Rick Robinson

Jun 26th 2020

Black Hole Eruption Is a Pretty Big Bang


Astronomers using a combination of space-based and Earth-based telescopes have spotted the aftermath of the largest known cosmic outburst since the original Big Bang that formed the universe as we know it some 14 billion years ago.

The blast, reports NASA, is due to a black hole eruption in a galaxy cluster some 390 million light-years from Earth, in the direction of the far-northern constellation Ophiuchus.

How big was this eruption? Big enough to punch though the sheet of hot gas that stretches across the Ophiuchus cluster — leaving a gap more than a million light-years across. The blast, says EarthSky, was five times more powerful than the previous cosmic record holder, another black hole eruption designated MS 0735+74.

Astronomy magazine adds that the eruption was “hundreds and thousands” of times more powerful than the typical output of galaxy clusters. These, like the Ophiuchus cluster where the eruption took place, are the largest gravitational objects in the universe, and shine with the light of many trillions of stars.

Call it a pretty big bang.

A Cosmic Mount St. Helens

Researchers got their first hint of this cosmic explosion in 2016, reports Astronomy, when NASA’s Chandra X-ray Observatory spacecraft detected a peculiar curved edge to the glowing gas nebula in the Ophiuchus cluster. The observations resembled the rim of a crater blasted through the gas, but astronomers couldn’t confirm the cause, and were initially taken aback by the sheer scale of blast required to produce such a cosmic crater.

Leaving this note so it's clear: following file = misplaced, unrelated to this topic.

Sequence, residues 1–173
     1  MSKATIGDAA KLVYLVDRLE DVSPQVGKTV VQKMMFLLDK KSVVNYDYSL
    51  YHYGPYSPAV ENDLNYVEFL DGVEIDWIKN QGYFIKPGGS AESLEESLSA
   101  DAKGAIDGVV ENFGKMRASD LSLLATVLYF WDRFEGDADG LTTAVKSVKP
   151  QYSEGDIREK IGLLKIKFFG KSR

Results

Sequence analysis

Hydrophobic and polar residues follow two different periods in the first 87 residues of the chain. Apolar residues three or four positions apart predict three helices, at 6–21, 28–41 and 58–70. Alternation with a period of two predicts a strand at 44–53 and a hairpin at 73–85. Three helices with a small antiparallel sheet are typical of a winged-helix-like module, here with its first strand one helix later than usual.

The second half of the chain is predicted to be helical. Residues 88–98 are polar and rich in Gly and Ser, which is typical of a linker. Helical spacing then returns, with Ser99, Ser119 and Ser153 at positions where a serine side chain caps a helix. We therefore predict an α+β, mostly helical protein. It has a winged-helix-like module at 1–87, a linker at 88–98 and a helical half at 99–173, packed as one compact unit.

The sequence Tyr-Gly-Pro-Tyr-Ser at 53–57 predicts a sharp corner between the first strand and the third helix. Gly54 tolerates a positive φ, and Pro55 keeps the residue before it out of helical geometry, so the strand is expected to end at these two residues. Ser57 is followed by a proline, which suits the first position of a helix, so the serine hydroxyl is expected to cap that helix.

Another research team set to work combining the Chandra results with observations from several Earth-based radio telescopes. Their work confirmed that a crater or void had been punched through the Ophiuchus gas cloud.

According to EarthSky, the team report’s lead author, Simona Giacintucci, compared the eruption to the 1980 blast that blew the top off of Mount St. Helens in Washington State. “The difference,” she added, “is that you could fit 15 Milky Way galaxies in a row into the crater this eruption punched into the cluster’s hot gas.”

How Black Holes Erupt

Once you get past the sheer mind-numbing scale of this explosion, it might seem odd that a black hole could erupt. Of all space discoveries, black holes may be the strangest: objects with such powerful gravity that not even light can escape from them — hence the name black hole. But if nothing can escape them, how can they erupt?

The answer, explains EarthSky, is that the powerful gravity field of a black hole can pull in everything around it, including entire stars. As streams of matter fall toward the black hole, they collide with each other, and some of the infalling material is deflected away, in turn slamming into surrounding material and heating it up.

Eruption and Aftermath

Thus, while no light (or any other radiation) comes directly out of a black hole, the region around it can be extremely bright. And if enough surrounding material is falling toward the black hole, the resulting collisions can build up into a full-blown eruption.

Sci-News quotes another team member, Melanie Johnston-Hollitt, who describes the eruption as “like an explosion in slow motion that took place over hundreds of millions of years.”

According to NASA, the black hole eruption has ended, since the researchers found no hints of the high-energy jets of gas that would be seen in an ongoing eruption. The black hole must have consumed all the gas in its immediate vicinity, while the “sloshing” of gas through the space around a galaxy cluster has shifted the remaining gas away from the black hole.

But as astronomers continue to investigate the site of this distant cosmic eruption, who can say what other space discoveries they will encounter.